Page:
When out on our travels to far flung places it has become an age-old tradition to bring small gifts for local kids and people in need. Despite our best intentions, not everything we give is suitable and some things can be harmful or even offensive to local customs, traditions and religions. Living circumstances in many developing countries are very different from our own, so often it’s the simple things will bring the most joy.
Here are some dos and don’ts of what to give and not to give.
Manual or solar powered torches: These are great items to bring with you. In many developing countries there are frequent power cuts. In Nepal they can last up to 12 hours a day. Some houses do not have electricity at all, and in some cases toilet facilities are a long way from the house. Just try finding it at night and you will realise a cheap, hand-powered torch can be a lifesaver!
Candles: You can buy candles in most developing countries, but ours tend to be better quality and last much longer. Candles give light and warmth and make a great gift.
Exercise books, pencils and crayons: Many children do not have the opportunity or funds to attend school regularly or at all. With exercise books and a little help from a literate neighbour they can start learning and getting creative too.
Toothbrushes: Dental hygiene awareness is quite low in some developing countries. Giving out toothbrushes as presents and educating about dental hygiene is a good idea. You can buy them in the country instead of bringing them from home, so they won’t take up space in your luggage. Bright colourful ones for the youngsters are a good idea, and hopefully will encourage them to brush!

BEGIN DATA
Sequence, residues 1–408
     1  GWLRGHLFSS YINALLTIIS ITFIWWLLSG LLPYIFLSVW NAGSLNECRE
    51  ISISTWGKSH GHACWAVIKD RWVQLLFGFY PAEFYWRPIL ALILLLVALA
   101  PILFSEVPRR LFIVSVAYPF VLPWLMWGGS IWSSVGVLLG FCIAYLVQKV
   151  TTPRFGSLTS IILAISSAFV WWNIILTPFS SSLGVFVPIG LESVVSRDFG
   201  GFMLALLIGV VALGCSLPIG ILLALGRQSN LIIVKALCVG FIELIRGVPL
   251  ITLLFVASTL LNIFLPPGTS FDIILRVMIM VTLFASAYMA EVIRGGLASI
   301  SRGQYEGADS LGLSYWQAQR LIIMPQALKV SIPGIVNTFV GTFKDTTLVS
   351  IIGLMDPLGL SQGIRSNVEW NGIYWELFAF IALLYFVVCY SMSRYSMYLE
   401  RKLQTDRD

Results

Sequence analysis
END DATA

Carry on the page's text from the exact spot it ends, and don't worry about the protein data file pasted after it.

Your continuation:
Clothing: Whatever clothing you don’t need or don’t want to take back home can make a welcome gift. Good quality shoes, particularly black children’s shoes are always appreciated, as well as school uniforms, winter clothing, sunglasses and hats. Flip-flops also make a great gift, and you can buy them cheaply in the country. Note that in some countries western clothes are less appreciated, for example in Bhutan, Tibet and parts of northern India people prefer where to wear their traditional clothes.
Games and jigsaws: Games always make great gifts, especially educational games like Scrabble. You can teach them how to play and that brings joy to both parties. Balloons are a tricky one. They are small and lightweight so do not take up much space. On the other hand they burst within minutes, leaving waste behind, not to mention children’s tears! How about taking some Frisbees instead? Again you can teach the kids how to play.
Pictures, calendars and posters: It’s always exciting visiting new countries and learning about new things. Calendars, pictures or posters showing famous sights from the UK or other places are extremely popular, particularly in India.
Hygiene products: In some cases shampoos, lotions and other hygiene products can be a good idea. They can be bought cheaply in the country, but some women might enjoy trying western products. You can just leave your leftovers instead of taking them back home. However, before you give think about waste – plastic bottles are not always easy to get rid of particularly in remote rural areas. Better to give these kind of gifts in urban regions.